Forget Alabama. Auburn has to focus on fixing Auburn first
Alabama seems to have a strong partner alongside them when it plays Auburn on Saturday. Fate.
It just seems that Auburn can’t catch a break lately. They played a Texas A&M team at the wrong time of the season when the Aggies were surging. The Tigers lost. Auburn played a great half against Mississippi State before allowing a record-setting comeback. The Tigers lost. Then, quarterback Bo Nix underwent ankle surgery last week and the Tigers had to play backup quarterback TJ Finley. You guessed it. The Tigers lost. A season of hope has changed quickly into despair. Fate? Maybe not.
Unless I’m unaware of a major change in the schedule, Auburn will still host Alabama on Saturday at 3:30 EST. That means they still have a chance. Yes, I’m saying there’s a chance. If the Tigers want that chance to be significant whatsoever, Auburn better tidy up its own house.
First, Auburn needs better quarterback play from Finley or it can think about something else. Auburn offensive coordinator Mike Bobo said Finley “has a presence about him” last week according to this report. Presence or not, Finley presently needs to improve. Finley was just 17-of-32 for 188 yards and a touchdown in the 21-17 loss to the Gamecocks and missed open receivers throughout the game. Perhaps Finley was nervous about his first start for Auburn and lost that presence that Bobo spoke of. Perhaps he was in a generous mood and decided to give South Carolina’s defense some presents before the holidays. Word play aside, Finley has to play much better against Alabama than he did last week for the Tigers to have a chance.
If Finley doesn’t show improvement early against Alabama, which tends to start games slow, then Auburn’s coaches had better have a different plan in place. That could mean a new offense that would take better advantage of Finley’s skills or it could mean a new quarterback all together. Bowling Green graduate transfer Grant Loy might be an option. He has experience. Freshman Dematrius Davis is on the bench as well. At 5-foot-10, Davis isn’t as big as Finley, who is 6-6, but Davis was known for his accurate passing when he signed with Auburn as a four-star quarterback. I’m not suggesting that Auburn should start either player ahead of Finley in a game like the Iron Bowl, but the Tigers need options after the way Finley played on Saturday.
If Finley plays like he did against the Gamecocks, Auburn could get embarrassed, especially considering Alabama has championships to play for in the coming weeks. If Auburn’s coaches don’t feel good about any of their quarterbacks, then some sort of mobile-pocket, simple read, Wildcat approach may keep the Tigers in the game. This is the type of game that Auburn should be willing to open up the playbook if Finley struggles at all.
Better quarterback play is just one of the challenges that Auburn faces this week. Having the right attitude might even be more important. No one needs to be reminded that we are in an era of college football in which players think about themselves first and are rarely criticized for doing so. Players sit out of meaningless bowl games to prepare for the NFL Draft. That would have been a character concern 10 years ago. Now, it’s a sound business decision. If any Tigers are thinking about their professional days, they’ll have a very long day against the Crimson Tide.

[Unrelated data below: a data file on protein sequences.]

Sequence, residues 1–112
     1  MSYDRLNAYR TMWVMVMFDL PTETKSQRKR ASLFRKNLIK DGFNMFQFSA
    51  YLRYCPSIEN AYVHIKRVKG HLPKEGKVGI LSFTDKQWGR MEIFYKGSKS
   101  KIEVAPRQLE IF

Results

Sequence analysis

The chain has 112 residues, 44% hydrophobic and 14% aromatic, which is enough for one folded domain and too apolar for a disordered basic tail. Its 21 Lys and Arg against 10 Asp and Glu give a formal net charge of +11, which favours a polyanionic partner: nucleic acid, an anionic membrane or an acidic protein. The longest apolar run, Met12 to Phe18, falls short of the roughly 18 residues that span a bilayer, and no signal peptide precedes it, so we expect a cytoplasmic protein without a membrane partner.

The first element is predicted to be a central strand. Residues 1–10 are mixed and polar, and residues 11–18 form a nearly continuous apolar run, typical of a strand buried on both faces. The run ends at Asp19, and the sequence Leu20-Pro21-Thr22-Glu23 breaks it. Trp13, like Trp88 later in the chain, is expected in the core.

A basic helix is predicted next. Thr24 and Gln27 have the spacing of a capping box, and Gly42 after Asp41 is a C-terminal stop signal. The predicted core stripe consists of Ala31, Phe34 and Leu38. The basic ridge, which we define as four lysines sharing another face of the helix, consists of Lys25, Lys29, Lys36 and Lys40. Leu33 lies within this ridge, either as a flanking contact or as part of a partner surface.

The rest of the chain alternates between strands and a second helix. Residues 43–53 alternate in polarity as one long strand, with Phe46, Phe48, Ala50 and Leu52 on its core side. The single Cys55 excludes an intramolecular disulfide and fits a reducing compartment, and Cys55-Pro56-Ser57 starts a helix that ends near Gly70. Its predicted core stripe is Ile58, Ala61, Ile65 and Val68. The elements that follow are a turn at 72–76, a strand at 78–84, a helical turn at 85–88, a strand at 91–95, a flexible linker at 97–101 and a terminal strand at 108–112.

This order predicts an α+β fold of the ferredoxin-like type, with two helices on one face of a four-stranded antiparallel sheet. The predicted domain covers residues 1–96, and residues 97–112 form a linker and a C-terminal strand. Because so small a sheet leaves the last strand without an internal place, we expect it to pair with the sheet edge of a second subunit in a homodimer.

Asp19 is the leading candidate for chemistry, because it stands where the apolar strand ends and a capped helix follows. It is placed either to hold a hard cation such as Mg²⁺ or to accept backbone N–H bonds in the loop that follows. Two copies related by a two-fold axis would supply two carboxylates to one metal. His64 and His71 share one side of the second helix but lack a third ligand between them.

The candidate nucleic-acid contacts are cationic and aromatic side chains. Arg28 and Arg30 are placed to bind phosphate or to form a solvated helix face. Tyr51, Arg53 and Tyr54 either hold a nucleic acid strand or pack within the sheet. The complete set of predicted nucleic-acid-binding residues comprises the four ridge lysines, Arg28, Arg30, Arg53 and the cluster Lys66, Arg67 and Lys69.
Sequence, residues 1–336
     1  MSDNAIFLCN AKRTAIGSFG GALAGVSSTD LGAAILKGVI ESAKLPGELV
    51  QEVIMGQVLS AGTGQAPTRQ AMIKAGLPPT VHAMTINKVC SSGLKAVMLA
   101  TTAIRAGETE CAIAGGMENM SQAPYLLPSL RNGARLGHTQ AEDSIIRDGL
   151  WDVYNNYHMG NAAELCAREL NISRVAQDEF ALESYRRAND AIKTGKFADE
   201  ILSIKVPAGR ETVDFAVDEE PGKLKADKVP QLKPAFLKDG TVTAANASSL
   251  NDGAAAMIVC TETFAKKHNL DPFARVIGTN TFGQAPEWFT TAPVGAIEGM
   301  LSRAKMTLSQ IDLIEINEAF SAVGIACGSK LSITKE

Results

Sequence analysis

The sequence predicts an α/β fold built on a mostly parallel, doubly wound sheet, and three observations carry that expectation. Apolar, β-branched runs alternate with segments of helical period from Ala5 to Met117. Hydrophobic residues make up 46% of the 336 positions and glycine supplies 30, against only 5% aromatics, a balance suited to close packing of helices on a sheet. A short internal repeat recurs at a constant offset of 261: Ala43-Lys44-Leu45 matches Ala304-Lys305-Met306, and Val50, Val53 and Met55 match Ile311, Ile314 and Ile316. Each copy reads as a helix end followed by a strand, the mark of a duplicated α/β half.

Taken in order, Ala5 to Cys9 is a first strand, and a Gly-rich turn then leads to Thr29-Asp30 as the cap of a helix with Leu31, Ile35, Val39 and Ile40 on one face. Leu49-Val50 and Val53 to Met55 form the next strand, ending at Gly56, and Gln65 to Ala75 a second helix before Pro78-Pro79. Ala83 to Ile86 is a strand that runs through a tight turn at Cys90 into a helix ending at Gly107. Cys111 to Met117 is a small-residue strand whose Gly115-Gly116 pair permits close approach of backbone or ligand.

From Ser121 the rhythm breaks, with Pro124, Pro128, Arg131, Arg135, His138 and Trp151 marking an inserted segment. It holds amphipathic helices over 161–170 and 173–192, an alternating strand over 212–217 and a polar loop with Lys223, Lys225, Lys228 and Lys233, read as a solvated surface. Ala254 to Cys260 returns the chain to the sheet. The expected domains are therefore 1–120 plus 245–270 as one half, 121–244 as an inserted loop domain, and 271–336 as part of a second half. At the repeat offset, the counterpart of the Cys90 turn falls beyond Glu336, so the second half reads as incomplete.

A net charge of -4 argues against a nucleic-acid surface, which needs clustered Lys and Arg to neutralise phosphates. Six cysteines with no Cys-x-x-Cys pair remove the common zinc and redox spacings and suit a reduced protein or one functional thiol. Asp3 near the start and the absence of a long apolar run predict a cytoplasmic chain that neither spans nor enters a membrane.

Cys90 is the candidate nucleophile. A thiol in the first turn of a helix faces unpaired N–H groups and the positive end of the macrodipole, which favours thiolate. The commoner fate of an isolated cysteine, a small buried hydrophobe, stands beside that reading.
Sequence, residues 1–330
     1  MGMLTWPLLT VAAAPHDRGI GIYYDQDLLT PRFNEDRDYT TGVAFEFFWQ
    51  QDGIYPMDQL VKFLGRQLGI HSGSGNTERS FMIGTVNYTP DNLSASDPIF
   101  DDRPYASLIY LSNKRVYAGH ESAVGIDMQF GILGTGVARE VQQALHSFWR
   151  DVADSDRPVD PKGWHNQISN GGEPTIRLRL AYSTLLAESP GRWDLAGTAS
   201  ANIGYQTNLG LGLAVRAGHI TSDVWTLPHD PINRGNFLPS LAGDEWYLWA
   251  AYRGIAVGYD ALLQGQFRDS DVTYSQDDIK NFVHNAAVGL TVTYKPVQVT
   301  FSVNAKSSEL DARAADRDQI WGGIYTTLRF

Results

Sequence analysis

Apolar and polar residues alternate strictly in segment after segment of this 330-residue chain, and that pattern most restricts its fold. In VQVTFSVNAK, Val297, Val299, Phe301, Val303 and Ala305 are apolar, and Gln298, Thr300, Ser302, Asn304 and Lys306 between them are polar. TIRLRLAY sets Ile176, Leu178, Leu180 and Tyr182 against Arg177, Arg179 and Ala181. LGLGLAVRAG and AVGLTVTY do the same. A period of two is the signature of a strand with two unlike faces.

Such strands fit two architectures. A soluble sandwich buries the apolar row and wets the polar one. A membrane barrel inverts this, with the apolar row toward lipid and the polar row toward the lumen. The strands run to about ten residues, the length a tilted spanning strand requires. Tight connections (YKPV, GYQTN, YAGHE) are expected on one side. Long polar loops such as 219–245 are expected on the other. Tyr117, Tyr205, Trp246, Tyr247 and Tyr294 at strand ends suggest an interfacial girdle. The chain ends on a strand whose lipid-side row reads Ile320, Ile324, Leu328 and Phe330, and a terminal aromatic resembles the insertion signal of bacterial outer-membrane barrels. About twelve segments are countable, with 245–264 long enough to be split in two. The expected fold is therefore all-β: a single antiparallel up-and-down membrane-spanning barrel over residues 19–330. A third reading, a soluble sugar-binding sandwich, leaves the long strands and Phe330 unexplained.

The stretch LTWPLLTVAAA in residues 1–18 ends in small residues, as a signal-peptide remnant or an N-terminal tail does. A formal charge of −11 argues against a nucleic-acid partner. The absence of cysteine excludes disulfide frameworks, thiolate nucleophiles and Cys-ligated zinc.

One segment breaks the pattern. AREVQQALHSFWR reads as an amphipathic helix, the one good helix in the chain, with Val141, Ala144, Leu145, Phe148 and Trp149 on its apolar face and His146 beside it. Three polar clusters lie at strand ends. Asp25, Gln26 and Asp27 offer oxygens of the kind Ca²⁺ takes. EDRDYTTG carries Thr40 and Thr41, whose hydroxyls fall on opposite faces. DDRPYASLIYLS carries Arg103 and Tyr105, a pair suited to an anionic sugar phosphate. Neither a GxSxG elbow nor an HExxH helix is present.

Auburn’s players also need to make sure they’re firmly behind their coach and not creating distractions, which seemed to be the case against South Carolina. Running back Tank Bigsby was left on the sideline during a key 4th-down play call in which Auburn’s coaches decided to run a play-action pass that fell incomplete. What is a smart play call? Probably not. Would it have had a better chance if Bigsby was at least a decoy on the field? Absolutely.
Bigsby looked frustrated on the sideline as he spoke to his teammates. Despite the lack of logic in the play call, Bigsby is one of Auburn’s best players. That means he’ll be looked to for guidance. That would have been a really good time to support whatever decision Auburn’s coaches made no matter how senseless it might have been. This isn’t the first time that Bigsby has expressed his displeasure on the sideline. Bigsby was also not very happy about a questionable play call in a September loss to Penn State, according to ESPN’s Holly Rowe in this report.
That brings us to another area of improvement. Auburn coaches don’t need to reinvent the wheel when they decide to be aggressive. They’re a decent running football team with a very good tailback. Don’t forget that.
Auburn may not be good enough to beat Alabama even if the Tigers have a unified locker room. They’re certainly not good enough to beat Alabama or any good team if they have dissension among their top players. Bigsby is just a sophomore, but it’s time to be more mature.
One could go through the usual reasons Auburn can beat Alabama, such as the fact that the game is at Jordan-Hare Stadium. One could point to turnovers and a fast start as important aspects to upsetting the Tide. However, none of that matters unless Auburn has its own house in order. Right now, that doesn’t seem to be the case. If Auburn shows up flat, full of discontent and gets blown out, then the Tigers don’t have fate to blame. The blame will fall squarely on their shoulder pads.